“We’ve decided that we want to take [the refugee struggle] to a political level, so we don’t need aid anymore. We wanted to raise these issues on a social and political level.”

 

But every day the laws in Hungary are changing, you can’t imagine. Every day you wake up in the morning and you will find a new law that they are developing. So these Afghan people they stood up and protested in front of the parliament, asking for shelters and more, but nothing happened. So since that day we’ve decided that we want to take it to a political level, so we don’t need aid anymore. We wanted to raise these issues on a social and political level. There are a lot of problems with certain minority populations in the Hungarian society and we want to bring everything to a political level. We try to get politicians to look at the problem, try to fix it and engage these minorities in the society. We just want to make Hungary a better place to live for the refugees and for all the other people who live here as well. We want to be one group, instead of different fragments.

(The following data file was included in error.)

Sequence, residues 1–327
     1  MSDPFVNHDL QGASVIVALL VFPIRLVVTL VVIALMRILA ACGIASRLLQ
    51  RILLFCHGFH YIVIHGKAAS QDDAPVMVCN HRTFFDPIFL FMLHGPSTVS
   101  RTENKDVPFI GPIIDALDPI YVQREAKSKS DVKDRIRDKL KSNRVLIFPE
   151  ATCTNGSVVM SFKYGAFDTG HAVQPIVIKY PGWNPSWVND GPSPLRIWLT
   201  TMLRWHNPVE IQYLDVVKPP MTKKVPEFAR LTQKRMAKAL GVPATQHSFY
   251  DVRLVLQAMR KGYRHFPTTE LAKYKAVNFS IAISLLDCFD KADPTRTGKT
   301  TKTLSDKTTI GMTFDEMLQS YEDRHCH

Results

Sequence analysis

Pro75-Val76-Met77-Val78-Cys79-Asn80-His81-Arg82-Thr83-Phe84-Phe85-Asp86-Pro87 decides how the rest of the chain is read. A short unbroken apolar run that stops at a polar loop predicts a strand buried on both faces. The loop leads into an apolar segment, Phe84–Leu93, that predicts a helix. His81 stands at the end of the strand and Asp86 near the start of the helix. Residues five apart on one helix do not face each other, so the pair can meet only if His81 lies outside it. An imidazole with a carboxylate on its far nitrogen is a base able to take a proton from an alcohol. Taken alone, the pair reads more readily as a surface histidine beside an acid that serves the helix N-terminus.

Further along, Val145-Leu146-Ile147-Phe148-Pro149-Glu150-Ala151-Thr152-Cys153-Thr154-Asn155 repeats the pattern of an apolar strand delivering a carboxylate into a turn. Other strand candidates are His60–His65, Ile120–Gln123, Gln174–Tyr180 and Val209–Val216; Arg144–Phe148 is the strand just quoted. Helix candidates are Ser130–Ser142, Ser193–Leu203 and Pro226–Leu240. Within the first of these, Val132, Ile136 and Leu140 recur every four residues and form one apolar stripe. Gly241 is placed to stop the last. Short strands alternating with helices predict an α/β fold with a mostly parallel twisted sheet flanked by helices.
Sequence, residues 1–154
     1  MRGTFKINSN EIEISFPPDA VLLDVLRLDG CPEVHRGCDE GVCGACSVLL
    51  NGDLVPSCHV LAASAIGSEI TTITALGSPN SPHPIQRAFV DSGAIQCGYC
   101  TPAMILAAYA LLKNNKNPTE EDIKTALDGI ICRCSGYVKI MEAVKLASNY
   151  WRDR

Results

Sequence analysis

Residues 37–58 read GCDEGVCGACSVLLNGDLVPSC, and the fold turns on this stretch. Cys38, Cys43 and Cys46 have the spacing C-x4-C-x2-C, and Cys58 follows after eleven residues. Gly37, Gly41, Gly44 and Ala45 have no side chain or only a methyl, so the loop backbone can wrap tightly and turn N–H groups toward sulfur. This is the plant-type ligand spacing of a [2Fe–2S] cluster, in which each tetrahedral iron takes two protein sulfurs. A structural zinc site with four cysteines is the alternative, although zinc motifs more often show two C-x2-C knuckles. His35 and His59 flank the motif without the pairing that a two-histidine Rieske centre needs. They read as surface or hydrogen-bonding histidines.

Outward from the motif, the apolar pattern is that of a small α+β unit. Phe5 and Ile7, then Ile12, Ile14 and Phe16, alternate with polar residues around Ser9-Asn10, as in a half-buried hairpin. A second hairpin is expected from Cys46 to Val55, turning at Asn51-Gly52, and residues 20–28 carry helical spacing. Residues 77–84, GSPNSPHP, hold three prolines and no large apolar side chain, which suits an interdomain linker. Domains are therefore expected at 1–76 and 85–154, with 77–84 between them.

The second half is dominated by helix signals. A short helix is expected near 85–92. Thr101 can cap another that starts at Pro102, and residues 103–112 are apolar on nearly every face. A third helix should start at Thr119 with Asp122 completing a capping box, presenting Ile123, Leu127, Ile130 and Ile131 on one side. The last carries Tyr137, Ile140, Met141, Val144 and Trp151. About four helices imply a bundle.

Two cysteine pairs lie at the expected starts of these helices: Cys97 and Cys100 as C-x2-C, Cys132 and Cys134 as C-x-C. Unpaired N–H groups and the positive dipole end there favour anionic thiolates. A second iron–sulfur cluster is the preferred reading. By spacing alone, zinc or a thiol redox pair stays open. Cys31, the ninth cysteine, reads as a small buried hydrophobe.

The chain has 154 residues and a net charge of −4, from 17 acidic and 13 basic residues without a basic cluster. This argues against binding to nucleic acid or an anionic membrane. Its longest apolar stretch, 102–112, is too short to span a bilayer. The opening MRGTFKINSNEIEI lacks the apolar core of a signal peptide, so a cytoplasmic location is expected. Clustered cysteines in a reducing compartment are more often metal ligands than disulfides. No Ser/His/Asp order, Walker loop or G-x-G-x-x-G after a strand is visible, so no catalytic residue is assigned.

“[The state doesn’t] give a chance to the Hungarian residents to at least stop and think. They just give them an easy scapegoat. That’s the situation right now.”

 

Unfortunately, the policy is always changing. There is always something new, they can also suddenly dig up an old law and reinstate it just like that. The state is using propaganda since three years by linking Soros’ plan with migration, with Jews and the attacks that happen in Belgium and Germany. They don’t give a chance to the Hungarian residents to at least stop and think. They just give them an easy scapegoat. That’s the situation right now. They never let them think about it. It’s not really easy, you have to convince a lot of people, use a lot of mechanisms and a lot of techniques to show the other side of this propaganda, so that the people at least can see things from a different perspective. That is what the Migrant Solidarity Group does.

 

“We listen to what kind of legal problems they have and give information. We don’t serve food.”